“This tale of restaurant rivalry and a desperate quest for Michelin Stars is beautifully told. From India to France, Richard Morais takes his eccentric characters and mouth-watering recipes on an unlikely journey from the teeming streets of Mumbai to a quiet village in rural France. I have never experienced that most subtle of senses–smell–captured so well in print. The aroma of fine cooking just floats off the pages. Don’t read this book if you’re hungry. You might eat it.”
–Simon Beaufoy, Oscar-award winning screenwriter, Slumdog Millionaire
“The Hundred-Foot Journey has great charm and is colorfully written, sensual and evocative.”
–Joanne Harris, author of Chocolat
“A delicious culinary romp from the beaches of Bombay to the peaks of Paris Haute Cuisine. Very charming and a delight to savor.”
–Padma Lakshmi, author of Tangy, Tart, Hot and Sweet and host of Bravo TV’s Top Chef
“A page-turner that captures the extent to which nostalgia and imagination are a part of the craft of cooking, while vividly conjuring the sights and smells of the kitchen. In The Hundred-Foot Journey food isn’t just a theme, it’s a main character.”
–Tom Colicchio, Chef/ Owner Craft restaurants
“In The Hundred Foot Journey, Richard C. Morais conjures a richly-woven tapestry of exotic sights, smells and tastes that transports the reader to a world of epicurean delights. This is a charming, deeply felt novel that questions, and ultimately celebrates, the twists and turns of an authentically lived life.”
– Elin Hilderbrand, author of Barefoot
“Delicious fairy tale-like read.”
– National Public Radio.
“Cooking and writing at a high level require great passion–exactly the kind of passion Richard Morais has poured into The Hundred-Foot Journey, the story of an Indian boy who discovers he has an extraordinary gift for cooking.”
–Michael Ruhlman, author of Ratio: The Simple Codes Behind the Craft of Everyday Cooking
“Hassan Haji’s tone of voice is something of a masterpiece, cosmopolitan but not entirely European either. And the quest for the Michelin stars is a real cliff-hanger. For anyone who loves food, and who cares for character, the book’s a banquet. Lovely stuff. What a superb Merchant Ivory Production movie it would have made.”
–Simon Callow, actor (Four Weddings And A Funeral) and author of Orson Welles: The Road To Xanadu.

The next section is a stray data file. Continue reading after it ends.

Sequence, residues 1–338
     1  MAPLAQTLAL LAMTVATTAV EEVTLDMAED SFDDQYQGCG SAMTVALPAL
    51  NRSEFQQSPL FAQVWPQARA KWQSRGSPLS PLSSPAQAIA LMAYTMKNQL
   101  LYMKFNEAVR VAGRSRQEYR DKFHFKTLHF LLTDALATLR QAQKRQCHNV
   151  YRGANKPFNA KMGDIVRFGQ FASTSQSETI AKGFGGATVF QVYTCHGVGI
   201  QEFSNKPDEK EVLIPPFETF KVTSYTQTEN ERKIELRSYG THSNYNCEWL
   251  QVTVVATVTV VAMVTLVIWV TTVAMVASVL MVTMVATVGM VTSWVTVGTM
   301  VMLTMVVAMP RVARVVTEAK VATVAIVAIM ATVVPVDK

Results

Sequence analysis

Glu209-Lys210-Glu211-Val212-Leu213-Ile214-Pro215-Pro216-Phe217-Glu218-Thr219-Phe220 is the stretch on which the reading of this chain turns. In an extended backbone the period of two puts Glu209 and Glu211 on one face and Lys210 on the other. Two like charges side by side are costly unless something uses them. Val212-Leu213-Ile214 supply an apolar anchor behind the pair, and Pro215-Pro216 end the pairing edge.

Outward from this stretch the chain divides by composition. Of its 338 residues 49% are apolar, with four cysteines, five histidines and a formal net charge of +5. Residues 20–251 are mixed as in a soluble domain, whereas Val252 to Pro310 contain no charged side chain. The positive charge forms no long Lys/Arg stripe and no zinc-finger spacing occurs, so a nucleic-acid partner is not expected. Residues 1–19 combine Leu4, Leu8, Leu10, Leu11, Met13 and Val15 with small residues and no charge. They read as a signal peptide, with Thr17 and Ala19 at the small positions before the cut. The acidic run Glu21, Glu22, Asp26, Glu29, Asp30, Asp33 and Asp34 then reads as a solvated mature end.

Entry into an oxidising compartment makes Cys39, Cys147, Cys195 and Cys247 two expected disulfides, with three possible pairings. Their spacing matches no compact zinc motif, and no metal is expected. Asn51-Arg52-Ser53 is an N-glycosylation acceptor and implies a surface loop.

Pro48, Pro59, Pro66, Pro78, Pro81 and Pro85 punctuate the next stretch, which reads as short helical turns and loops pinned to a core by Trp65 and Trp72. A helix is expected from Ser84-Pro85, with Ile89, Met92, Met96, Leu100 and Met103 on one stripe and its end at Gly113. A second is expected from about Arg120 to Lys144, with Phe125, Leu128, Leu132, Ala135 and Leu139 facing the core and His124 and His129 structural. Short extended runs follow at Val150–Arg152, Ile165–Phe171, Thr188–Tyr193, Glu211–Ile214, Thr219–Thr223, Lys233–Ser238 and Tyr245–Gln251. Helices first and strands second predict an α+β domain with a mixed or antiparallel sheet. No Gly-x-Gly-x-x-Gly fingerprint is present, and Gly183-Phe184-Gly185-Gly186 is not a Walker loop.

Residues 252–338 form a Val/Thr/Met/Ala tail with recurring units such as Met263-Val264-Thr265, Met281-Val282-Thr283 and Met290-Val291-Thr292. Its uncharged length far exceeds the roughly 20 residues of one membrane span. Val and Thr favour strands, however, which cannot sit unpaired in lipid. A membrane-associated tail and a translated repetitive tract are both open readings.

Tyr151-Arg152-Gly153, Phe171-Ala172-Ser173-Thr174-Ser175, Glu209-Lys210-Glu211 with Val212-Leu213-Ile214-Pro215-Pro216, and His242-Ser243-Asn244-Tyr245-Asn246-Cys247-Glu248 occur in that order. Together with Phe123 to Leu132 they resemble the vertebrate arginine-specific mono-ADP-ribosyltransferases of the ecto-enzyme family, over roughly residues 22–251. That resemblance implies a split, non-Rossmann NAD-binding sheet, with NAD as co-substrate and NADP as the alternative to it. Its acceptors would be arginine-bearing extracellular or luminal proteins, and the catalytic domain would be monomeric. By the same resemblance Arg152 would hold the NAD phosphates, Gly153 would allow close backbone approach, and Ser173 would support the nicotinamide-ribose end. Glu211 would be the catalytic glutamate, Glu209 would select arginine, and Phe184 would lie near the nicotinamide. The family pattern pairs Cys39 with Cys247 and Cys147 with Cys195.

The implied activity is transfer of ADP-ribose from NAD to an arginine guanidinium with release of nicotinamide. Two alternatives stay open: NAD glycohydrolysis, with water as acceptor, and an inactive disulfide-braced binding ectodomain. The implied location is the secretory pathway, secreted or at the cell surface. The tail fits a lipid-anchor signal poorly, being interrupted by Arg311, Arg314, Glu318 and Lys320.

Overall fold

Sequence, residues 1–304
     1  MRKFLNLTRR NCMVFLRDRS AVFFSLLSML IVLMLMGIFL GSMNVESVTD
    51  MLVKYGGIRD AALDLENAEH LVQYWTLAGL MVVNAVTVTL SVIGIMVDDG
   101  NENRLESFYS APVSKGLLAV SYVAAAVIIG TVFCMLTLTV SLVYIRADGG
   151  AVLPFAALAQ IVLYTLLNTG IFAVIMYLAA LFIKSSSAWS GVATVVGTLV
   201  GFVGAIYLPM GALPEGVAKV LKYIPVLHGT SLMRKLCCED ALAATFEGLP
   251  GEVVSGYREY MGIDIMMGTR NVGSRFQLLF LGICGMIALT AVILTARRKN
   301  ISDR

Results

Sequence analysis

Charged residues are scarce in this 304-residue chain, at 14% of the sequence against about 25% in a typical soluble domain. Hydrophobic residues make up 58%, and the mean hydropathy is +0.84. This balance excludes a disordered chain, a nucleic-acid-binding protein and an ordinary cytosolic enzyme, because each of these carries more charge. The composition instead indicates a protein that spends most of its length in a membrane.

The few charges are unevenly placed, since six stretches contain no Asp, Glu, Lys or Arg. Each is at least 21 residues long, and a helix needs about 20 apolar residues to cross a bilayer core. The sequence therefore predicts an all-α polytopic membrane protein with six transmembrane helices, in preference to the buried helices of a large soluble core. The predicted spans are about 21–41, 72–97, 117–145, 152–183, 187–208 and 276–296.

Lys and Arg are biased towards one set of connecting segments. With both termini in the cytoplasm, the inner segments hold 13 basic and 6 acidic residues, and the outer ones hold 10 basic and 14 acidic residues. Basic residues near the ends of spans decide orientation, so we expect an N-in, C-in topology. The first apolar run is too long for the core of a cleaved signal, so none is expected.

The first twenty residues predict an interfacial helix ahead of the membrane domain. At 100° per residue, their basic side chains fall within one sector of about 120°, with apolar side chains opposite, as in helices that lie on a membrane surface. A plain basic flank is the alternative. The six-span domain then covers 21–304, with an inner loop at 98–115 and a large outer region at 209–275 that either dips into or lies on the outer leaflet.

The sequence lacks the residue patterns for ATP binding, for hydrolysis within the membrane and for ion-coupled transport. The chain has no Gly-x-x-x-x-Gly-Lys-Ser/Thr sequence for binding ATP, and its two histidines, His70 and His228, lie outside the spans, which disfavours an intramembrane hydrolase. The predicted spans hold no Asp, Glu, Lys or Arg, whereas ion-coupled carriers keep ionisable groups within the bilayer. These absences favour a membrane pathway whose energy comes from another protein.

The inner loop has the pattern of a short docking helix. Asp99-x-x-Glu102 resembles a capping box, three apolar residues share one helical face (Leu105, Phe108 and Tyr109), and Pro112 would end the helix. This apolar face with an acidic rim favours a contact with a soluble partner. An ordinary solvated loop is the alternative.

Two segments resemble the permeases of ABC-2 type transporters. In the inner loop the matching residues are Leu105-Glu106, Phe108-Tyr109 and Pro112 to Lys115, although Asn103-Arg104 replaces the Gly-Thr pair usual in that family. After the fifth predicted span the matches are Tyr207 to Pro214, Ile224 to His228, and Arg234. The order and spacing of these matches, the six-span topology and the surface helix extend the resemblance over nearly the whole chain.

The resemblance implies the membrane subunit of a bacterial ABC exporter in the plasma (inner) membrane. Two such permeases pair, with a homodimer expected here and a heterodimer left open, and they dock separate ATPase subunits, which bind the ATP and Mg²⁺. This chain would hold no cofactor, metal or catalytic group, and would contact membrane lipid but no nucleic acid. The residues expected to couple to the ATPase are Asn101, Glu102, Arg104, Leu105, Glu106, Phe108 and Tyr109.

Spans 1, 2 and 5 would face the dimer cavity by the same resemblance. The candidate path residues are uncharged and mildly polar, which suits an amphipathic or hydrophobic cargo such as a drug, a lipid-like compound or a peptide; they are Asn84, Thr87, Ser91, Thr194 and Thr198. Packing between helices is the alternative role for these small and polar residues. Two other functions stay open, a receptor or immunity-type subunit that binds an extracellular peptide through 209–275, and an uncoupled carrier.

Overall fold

“With his debut novel, longtime Forbes magazine correspondent Morais delves into a rich, imagery-filled culinary world that begins in Bombay and ends in Paris, tracing the career of Hassan Haji as he becomes a famed Parisian chef. From vibrantly depicted French markets and restaurant kitchens to the lively and humorously portrayed Haji family, Morais engulfs the reader in Hassan’s wondrous world of discovery. Regardless of one’s relationship with food, this novel will spark the desire to wield a whisk or maybe just a knife and fork.”
– Publishers Weekly
“Precise descriptive writing offers much to savor in this bouillabaisse of a first novel from a former Forbes editor.”
“This novel, of mythic proportions yet told with truly heartfelt realism, is a stunning tribute to the devotion of family and food, in that order. Bound to please anyone who has ever been happily coaxed to eat beyond the point of fullness, overwhelmed by the magnetism of ‘just one more bite.’”
– Booklist (starred review)
“At times it reminds me of Salman Rushdie and Naguib Mahfouz, of Julia Child and Madhur Jaffrey, and more importantly, of my friends Pritti, Sheneza and Ejaz and their amazing families and recipes. I absolutely loved The Hundred-Foot Journey. It also made me very hungry.”- Forbes.com
“When you start reading The Hundred-Foot Journey [you] find yourself mesmerized by the inventiveness of the story and the writer’s ability to cook up tantalizing aromas on paper.”
–The Philadelphia Inquirer
“The Hundred-Foot Journey is a buzzing banquet that will linger in your memory long after the last page is turned.” –BookPage
“A delectable treat.” –Philadelphia CityPaper
“Morais’s research into both French and Indian cultures and cuisines and into professional kitchens has been rigorous, making for a vivacious backdrop to an engaging tale of love and loss; even as his esteemed mentors die off, Hassan strives for culinary excellence. It’s a story about culture-crossing, a struggle for perfection and also for independence.” — Time Out London
“Morais layers his narrative with enough colors, flavors, sounds, smells, and textures to tantalize all five senses. The Hundred-Foot Journey is not just about cooking, but about the clash of cultures—and how in the end, exceptional food bridges all barriers. It’s not often a book can be described as sumptuous, but that’s precisely what this tasty morsel of a novel is.” –– Travel + Leisure
“The Hundred-Foot Journey [is] a novel of remarkable insight and sensuality.”- Gael Greene, The Insatiable Critic
“An exquisite piece of literary gastroporn. I mean this in the best possible way. You read this first novel at the peril of your gut.” – The Philadelphia Inquirer
Number Of Pages: 336
Published: 1st December 2010
Publisher: Allen & Unwin
Dimensions (cm): 18.3 x 13.7 x 2.500
Weight (kg): 0.32